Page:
Cyber-attack: will you be on the hook?

From December 2019, the revised Senior Managers and Certification Regime (SMCR) framework will come into force. Along with the many new responsibilities and accountabilities, Senior Stakeholders need to understand that they may be partly, or fully, responsible for any cyber breaches that occur. Indeed, a failure to act proactively across the Information Security function could be construed as a breach of the conduct rules. Given the short timescale, what can you do to ensure that your firm, as well as other accountable executives, are ready for the deadline?


With over 90% of all cyber security breaches due to human error, it’s safe to say that mistakes in the workplace are more than costly. This, together with sometimes outdated or badly implemented technology and processes, means that it is “WHEN” rather “IF” an event occurs. Understanding not only preventive measures, but also the potential ramifications, is key to managing Cyber Resilience successfully. The need for having the right people in place, asking the right questions at the right time, is business and risk critical.


For starters, we advise reviewing the CBEST security exercise from the Bank of England. Whilst focused on the technical side, it provides an accurate representation of how secure your systems are, and identifies any weaknesses which need addressing. The following Bank of England CBEST link may be of use:

In addition, experts in the field advise that a full process mapping program is conducted. This may help to identify where human weaknesses in the chain may occur. Training will almost certainly be required to mitigate risk. Your CIO, COO, CISO should be able to evidence these, together with a plan of action. It goes without saying that your CRO should have full oversight. The following link may be of use:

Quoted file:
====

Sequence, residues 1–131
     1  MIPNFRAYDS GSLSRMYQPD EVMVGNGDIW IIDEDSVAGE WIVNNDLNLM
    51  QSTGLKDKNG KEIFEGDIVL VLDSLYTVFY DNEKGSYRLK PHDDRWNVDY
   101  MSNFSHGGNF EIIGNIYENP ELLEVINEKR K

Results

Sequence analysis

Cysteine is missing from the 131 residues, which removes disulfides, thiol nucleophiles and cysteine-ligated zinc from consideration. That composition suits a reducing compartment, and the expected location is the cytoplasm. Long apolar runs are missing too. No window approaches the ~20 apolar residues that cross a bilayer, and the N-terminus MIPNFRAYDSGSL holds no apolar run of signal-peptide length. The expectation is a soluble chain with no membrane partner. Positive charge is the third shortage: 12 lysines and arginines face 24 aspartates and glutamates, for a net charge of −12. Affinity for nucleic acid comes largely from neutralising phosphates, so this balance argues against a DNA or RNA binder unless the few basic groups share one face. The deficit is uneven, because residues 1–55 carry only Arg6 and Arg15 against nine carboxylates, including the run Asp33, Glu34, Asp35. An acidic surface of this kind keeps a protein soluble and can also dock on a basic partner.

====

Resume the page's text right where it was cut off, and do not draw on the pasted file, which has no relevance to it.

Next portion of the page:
Ensure you have enterprise wide programmes running to address any weaknesses, and that these are owned by an ‘accountable executive’ on the senior Leadership team or ExCo. The threat is ever changing, so it is best practice to ensure this becomes part of BAU. Also run regular simulations to understand what the most effective and appropriate responses are.  Should the worse happen, you need to be able to evidence to regulators that you have taken all reasonable steps to protect the organisation and its clients. Other stakeholders are also important to consider. Being able to show preparedness to the media or other external influencers is important to manage reputational risk.


Marriot, British Airways, Equifax and Facebook were some of the largest Cyber breaches of last year. Cybersecurity experts agree that with the right protection, most data breaches are avoidable. However, if your company does become the next Equifax or Facebook, the manner in which both firms and senior individuals react is critical to the longer term survival and rehabilitation of the brand. The example of TSB, whilst not a malicious data breach, serves to underline how not getting in front of the issue can be damaging to both organisation and careers.

How can Norman Broadbent Interim Management Help?

As a trusted partner to senior leaders for a number of years, our network of Interim Professionals is there to support, supplement and often lead business critical programmes. Bringing someone on board that has “been there, seen it, and done it” on numerous occasions and in different environments, can be the difference between success and failure. With Cyber Resilience, there may be no more important issue the organisation should address.

And as the holder of the SMF authorisation, the buck may stop with you!

If you would like to find out more about how Norman Broadbent’s Interim Management Network can support you, or discuss a specific assignment, please do not hesitate to contact Mike Davies,  Director, on +44 (0) 207 484 0000 or via for an initial confidential discussion.